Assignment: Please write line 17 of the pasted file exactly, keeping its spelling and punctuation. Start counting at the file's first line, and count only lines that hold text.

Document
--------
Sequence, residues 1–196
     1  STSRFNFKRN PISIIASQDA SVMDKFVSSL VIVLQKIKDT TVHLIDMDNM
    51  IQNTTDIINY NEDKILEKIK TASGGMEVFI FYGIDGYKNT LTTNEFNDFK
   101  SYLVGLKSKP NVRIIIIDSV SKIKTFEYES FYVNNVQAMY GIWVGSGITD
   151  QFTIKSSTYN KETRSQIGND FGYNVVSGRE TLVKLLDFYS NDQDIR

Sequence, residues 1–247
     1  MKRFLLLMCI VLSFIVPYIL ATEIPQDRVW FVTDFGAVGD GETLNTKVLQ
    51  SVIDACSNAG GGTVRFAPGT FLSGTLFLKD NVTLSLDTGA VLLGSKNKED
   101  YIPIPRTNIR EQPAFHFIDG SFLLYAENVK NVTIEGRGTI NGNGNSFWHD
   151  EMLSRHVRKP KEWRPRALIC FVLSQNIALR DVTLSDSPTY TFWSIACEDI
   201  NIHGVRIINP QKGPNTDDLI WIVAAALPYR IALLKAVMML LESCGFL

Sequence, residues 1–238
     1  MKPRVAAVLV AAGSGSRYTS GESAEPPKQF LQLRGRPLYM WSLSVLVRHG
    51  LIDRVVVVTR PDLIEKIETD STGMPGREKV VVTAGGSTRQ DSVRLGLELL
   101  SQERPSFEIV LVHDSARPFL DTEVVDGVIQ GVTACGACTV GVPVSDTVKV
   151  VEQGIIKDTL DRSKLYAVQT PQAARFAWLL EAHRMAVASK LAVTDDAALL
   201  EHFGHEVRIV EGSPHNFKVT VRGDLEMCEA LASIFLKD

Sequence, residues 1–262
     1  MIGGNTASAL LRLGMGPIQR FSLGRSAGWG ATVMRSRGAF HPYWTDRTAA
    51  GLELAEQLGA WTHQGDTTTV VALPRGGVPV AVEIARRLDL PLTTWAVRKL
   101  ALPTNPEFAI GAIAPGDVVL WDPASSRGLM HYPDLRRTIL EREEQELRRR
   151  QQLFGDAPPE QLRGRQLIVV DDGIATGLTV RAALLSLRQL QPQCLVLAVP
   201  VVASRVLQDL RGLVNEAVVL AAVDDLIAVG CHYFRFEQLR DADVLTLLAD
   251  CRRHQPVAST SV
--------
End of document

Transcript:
   201  EHFGHEVRIV EGSPHNFKVT VRGDLEMCEA LASIFLKD